Tim Peake: finding even a single cell on Mars would be “hugely significant” (Joe Giddens:PA)

Tim Peake: finding even a single cell on Mars would be “hugely significant”

The European Space Agency astronaut said he is not convinced the feat will be achieved in the next two decades.

Within 50 years a human will have been to Mars, astronaut Tim Peake believes.

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But the European Space Agency astronaut is not convinced the feat will be achieved in the next two decades.

Speaking at the UK Space Conference in Newport, Major Peake said he thought it was unlikely life would be found on the red planet, but if even a single cell was discovered it would be “hugely significant”.

Read more about Tim Peake’s historic mission aboard the ISS:

He told the PA news agency: “In the next 50 years we will be celebrating humans on Mars. I am quite sure of that.

“I would be cautious about saying we will be celebrating humans on Mars in the next 20 years.

“So I think it is going to happen somewhere between that 20 and 50-year bracket.

“Commercial companies are going to have a huge part to play in how we do that mission and when we do that mission.”

He added that signs of life would be a “game-changer”, raising questions about the implications for other solar systems.

Major Peake joked: “I don’t think anyone is expecting to find little green men running around on Mars.”

Ground personnel carry International Space Station (ISS) crew member Tim Peake of Britain shortly after landing near the town of Zhezkazgan, Kazakhstan, on June 18, 2016 © Shamil Zhumatov/AFP/Getty Images
Ground personnel carry International Space Station (ISS) crew member Tim Peake of Britain shortly after landing near the town of Zhezkazgan, Kazakhstan, 18 June 2016 © Shamil Zhumatov/AFP/Getty Images

He also spoke about the challenges facing the space industry in terms of responsibly travelling to space.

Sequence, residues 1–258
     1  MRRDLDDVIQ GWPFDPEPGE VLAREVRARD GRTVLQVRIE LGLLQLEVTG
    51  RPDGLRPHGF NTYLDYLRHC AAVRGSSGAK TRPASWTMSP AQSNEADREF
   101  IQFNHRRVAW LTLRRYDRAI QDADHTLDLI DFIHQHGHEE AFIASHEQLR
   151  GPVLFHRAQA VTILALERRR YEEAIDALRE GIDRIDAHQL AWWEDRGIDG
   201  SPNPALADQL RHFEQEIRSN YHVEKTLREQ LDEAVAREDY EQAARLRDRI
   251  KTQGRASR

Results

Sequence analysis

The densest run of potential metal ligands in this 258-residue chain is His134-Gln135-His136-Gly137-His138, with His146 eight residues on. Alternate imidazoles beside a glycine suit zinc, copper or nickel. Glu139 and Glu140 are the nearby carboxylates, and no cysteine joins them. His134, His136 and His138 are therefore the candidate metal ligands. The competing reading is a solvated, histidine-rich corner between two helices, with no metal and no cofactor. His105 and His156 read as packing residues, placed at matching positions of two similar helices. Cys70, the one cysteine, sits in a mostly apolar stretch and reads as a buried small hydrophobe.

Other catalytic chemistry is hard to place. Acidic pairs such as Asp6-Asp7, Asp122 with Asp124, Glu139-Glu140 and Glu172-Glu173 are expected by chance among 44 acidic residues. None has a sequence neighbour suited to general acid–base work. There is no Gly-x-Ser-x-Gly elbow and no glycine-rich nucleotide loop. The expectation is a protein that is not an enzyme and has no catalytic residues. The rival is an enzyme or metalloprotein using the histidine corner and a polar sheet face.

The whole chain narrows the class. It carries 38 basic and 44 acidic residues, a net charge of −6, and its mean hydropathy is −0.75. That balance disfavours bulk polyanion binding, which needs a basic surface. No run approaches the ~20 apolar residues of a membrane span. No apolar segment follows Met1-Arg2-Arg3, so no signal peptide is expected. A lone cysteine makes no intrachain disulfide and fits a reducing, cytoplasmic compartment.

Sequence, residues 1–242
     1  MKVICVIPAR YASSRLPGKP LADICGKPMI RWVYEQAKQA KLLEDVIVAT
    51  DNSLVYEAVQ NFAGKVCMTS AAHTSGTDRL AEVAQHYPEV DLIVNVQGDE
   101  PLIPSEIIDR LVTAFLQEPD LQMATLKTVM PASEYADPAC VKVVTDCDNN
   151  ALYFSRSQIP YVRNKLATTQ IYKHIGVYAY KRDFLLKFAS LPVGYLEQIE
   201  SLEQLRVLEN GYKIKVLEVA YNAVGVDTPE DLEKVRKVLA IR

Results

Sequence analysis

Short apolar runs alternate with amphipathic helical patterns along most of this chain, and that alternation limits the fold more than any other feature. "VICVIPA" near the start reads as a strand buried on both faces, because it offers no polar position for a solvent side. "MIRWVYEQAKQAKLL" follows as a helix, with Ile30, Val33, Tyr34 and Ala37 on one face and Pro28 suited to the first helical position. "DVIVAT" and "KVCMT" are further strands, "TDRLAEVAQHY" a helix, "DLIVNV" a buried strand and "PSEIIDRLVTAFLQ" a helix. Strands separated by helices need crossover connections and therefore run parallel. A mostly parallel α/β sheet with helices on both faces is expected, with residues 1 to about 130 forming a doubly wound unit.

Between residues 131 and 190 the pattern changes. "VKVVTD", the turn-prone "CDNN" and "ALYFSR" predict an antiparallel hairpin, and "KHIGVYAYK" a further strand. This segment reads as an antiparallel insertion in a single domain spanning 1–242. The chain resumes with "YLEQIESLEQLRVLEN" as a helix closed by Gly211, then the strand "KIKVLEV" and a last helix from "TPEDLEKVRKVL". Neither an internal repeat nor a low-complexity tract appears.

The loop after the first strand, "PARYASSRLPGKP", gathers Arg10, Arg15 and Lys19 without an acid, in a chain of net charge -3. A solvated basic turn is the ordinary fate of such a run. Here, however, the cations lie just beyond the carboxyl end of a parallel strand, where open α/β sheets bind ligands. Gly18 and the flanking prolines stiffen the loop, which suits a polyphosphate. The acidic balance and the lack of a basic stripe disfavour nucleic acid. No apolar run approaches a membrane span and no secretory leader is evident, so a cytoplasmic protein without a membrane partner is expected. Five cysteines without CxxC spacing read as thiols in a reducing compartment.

He explained: “Space debris has been out of control, it is now becoming under control in terms of regulation, in terms of trying to get satellite launch companies to comply with the ability to either de-orbit their satellite at the end of life, or to remove them from being a risk of space debris.

“But we can always do more – we have to clean up the problems of the past. But we are now aware of the problem.”

He added that it is necessary to clean up space before a “catastrophic impact” takes out incredibly valuable space assets like telecommunications, the International Space Station and weather systems.

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Major Peake said: “As space becomes more valuable to us, economically, people are waking up to the threat.”

Issues like space regulation and the management of artificial intelligence also need to be considered.

“It is about having the right conversations at the right time,” said Major Peake.

“We need to be having conversations right now about artificial intelligence – how is that going to be controlled, how is that going to be managed?

“We need to have conversations about space – who owns it, who regulates it, how are we going to control the missions of the future.

“There are some really important challenges to make sure that we do things in a responsible, sustained manner.”


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